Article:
But sometimes it isn't. Sometimes you put your heart out there, as a writer, and you risk everything, writing it, but that's just the start of the nightmare, because then you have to work up the courage to select "publish chapter," and then you have to wait, and to wait, and to wait for those reviews, and they come, filled with understanding and love, and you cry so hard with the relief that people understood what you wrote and instead of crucifying you, they honor your bravery and courage.

And sometimes the reviews come, and they are angry with you. And they hate you. And, worse, they misunderstand you. And worse, they attack your characters. Your babies.

And sometimes, the reviews don't come at all. And your 'number one fan,' you know them, writers, right? That one person who says and does everything devotedly, and swears they'll buy your books when you publish 'fer realz, yo,' and will be with you to the end.

Your number one fan. She grows distant. Then silent.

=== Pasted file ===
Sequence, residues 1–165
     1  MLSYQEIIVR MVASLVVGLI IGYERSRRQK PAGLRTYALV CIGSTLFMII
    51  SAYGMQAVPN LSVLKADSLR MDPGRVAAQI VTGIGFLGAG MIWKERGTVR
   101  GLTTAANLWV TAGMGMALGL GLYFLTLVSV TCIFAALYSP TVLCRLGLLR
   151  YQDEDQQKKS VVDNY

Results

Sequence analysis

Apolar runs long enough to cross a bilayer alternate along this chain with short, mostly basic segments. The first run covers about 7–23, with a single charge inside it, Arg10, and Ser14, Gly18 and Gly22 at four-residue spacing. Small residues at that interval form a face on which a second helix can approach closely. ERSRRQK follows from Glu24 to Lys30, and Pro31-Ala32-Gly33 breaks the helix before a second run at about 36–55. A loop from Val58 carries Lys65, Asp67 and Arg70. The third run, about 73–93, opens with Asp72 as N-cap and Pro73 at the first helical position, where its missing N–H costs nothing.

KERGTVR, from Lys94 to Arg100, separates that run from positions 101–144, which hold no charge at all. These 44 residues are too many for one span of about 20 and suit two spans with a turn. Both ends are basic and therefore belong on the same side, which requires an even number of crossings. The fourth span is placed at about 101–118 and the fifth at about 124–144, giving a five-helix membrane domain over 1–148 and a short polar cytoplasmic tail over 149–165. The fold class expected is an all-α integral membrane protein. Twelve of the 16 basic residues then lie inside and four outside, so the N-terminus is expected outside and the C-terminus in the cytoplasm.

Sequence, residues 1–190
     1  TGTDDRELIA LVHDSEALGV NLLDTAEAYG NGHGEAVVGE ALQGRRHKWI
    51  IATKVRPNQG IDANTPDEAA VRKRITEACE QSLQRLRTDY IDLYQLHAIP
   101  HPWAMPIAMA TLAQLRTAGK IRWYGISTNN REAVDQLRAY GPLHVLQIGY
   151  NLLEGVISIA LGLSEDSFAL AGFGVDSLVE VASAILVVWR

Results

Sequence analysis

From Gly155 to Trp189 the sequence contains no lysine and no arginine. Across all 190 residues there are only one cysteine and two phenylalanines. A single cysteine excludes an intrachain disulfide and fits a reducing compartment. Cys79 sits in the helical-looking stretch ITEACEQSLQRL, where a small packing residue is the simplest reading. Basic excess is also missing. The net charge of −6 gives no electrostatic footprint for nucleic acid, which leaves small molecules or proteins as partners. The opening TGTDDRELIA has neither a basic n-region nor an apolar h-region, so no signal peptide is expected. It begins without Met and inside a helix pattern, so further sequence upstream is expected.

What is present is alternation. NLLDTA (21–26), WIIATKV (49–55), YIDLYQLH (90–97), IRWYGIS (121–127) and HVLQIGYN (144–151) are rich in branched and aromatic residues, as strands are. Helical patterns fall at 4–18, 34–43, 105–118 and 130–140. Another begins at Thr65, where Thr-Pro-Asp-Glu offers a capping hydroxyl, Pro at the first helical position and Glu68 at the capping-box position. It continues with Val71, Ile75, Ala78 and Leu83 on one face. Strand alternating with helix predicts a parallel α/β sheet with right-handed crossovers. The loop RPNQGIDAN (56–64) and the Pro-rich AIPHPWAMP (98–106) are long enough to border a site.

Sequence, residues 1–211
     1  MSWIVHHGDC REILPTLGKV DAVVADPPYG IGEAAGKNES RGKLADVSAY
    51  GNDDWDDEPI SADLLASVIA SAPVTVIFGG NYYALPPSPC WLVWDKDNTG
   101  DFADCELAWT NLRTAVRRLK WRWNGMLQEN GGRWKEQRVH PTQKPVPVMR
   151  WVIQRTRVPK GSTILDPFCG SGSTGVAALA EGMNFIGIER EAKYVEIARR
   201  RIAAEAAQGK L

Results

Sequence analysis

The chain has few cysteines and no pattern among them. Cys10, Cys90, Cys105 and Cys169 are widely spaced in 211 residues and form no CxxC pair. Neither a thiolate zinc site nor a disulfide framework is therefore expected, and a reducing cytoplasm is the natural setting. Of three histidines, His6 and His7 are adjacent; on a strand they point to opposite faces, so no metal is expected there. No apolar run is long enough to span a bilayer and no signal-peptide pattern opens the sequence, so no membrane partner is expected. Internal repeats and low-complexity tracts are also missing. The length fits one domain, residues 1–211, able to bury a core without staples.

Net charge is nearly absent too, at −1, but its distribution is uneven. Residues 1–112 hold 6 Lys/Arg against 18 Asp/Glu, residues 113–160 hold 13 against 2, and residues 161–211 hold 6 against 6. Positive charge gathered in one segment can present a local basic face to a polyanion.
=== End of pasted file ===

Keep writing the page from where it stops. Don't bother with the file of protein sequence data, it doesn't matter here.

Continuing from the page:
Then she's gone.

And it happens over and over and over again. A self-proclaimed number one fan, comes, burns with zeal, then burns out and is gone.

And so a new number one fan shows up, burning, ...

What do you do, dear writer? How much hurt can you take from how many people demanding even more than everything you poured out onto the page? How much can you take before you scream 'FUCK OFF!' at a young girl who printed out your story so she can get your autograph?

But this is her first time at being a number one fan, ever, even if she is your twentieth, isn't it? And even if she is your twentieth number one fan, ...